The Ig Nobel Applied Cardiology Prize went to research that last year did some pretty heavy-duty monitoring of people’s physiology on a blind date.
“Participants wore eye-tracking glasses with embedded cameras and devices to measure physiological signals including heart rate and skin conductance,” reads the paper by Eliska Prochazkova of Leiden University’s Institute of Psychology, in the Netherlands, and colleagues.
“We found that overt signals such as smiles, laughter, eye gaze or the mimicry of those signals were not significantly associated with attraction.”
Instead, they found attraction was predicted by synchronised heart rates, and another feature called “skin conductance” – an indirect measure of emotion.
These are both factors that you would not notice, are unconscious, and difficult to regulate, the researchers wrote.
“Our findings suggest that interacting partners’ attraction increases and decreases as their subconscious arousal levels rise and fall in synchrony.”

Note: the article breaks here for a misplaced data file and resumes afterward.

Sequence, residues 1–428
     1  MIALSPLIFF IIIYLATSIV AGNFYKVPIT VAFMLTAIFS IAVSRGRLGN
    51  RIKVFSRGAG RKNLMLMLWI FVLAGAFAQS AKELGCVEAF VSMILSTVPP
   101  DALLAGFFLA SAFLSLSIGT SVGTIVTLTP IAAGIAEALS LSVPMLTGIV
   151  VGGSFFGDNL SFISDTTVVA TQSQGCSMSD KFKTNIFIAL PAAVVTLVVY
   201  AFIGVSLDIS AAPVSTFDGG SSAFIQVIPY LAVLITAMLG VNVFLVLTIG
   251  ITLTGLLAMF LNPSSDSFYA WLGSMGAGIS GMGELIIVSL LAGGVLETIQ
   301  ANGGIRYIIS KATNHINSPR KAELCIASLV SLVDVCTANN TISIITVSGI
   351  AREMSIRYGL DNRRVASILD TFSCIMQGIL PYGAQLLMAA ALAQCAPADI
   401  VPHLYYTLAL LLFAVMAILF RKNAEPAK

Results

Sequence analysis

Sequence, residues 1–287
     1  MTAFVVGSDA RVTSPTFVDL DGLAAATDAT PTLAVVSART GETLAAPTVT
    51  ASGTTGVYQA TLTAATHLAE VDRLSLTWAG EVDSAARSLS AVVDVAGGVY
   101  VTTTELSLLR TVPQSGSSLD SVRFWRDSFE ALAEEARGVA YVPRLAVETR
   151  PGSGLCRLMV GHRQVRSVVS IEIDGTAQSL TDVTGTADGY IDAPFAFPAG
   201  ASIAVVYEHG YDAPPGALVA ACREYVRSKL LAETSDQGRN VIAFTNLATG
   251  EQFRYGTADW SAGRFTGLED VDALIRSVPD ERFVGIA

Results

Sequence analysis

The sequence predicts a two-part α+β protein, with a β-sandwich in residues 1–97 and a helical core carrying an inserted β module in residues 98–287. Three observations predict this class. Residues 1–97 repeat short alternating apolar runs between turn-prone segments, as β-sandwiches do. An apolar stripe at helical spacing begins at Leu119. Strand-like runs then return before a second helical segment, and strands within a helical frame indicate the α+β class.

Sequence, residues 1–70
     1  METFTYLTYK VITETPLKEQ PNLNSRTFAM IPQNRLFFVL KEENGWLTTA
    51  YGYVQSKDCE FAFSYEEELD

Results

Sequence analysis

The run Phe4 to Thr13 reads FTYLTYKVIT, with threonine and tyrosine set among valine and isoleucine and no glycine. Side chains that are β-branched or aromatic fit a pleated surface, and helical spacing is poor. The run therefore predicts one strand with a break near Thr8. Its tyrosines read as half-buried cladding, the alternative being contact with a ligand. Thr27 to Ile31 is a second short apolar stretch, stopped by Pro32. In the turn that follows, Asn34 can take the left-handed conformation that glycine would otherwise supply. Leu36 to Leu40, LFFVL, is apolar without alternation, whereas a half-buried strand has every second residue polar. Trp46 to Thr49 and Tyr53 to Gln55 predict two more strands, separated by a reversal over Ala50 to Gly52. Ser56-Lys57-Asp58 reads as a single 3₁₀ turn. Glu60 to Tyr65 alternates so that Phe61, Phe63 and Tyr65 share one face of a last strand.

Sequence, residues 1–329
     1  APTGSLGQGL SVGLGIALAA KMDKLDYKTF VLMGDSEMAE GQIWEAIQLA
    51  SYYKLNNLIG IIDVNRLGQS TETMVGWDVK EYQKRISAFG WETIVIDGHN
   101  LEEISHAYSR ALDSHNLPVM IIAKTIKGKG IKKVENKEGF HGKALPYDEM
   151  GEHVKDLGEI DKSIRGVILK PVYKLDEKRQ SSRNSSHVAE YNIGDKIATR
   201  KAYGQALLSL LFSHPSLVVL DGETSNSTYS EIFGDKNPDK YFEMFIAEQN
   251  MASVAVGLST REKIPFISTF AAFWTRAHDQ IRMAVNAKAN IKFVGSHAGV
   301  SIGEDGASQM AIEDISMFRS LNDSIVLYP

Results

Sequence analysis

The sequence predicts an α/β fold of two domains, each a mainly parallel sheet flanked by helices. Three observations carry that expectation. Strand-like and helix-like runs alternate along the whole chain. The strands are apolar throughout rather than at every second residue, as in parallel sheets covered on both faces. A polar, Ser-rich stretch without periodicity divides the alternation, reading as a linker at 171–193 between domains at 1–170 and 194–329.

The art of gossip
And so to the question of whether we lie or tell the truth when we gossip.
The winners of this year’s Ig Nobel Peace Prize are a team that last year developed a mathematical model that determines when gossipers are honest or dishonest.
People lie to help allies and harm competitors, both of which are good for an individual, said Australian team member Kim Peters, who is a management professor at the University of Exeter.
“We want to say nice things about those we care about and nasty things about those we dislike, and if it’s not possible to do this honestly, we can simply lie about what they’ve done,” Professor Peters said.
“In addition to this, we want to give good advice to people we care about by giving them honest gossip, and bad advice to people we dislike by giving them dishonest gossip.”
Understanding such dynamics can help people decide whether to trust gossip or not, Professor Peters added.
Of course, sometimes there can be a conflict: like when you’re talking to a friend about another friend who has behaved badly.
“Telling the truth will help your friendly audience, but hurt the friend you are talking about. Lying will have the reverse consequence,” she said.
“In these situations, gossipers face a trade-off, and should aim to help, by telling the truth or lying, about whoever they care about most.”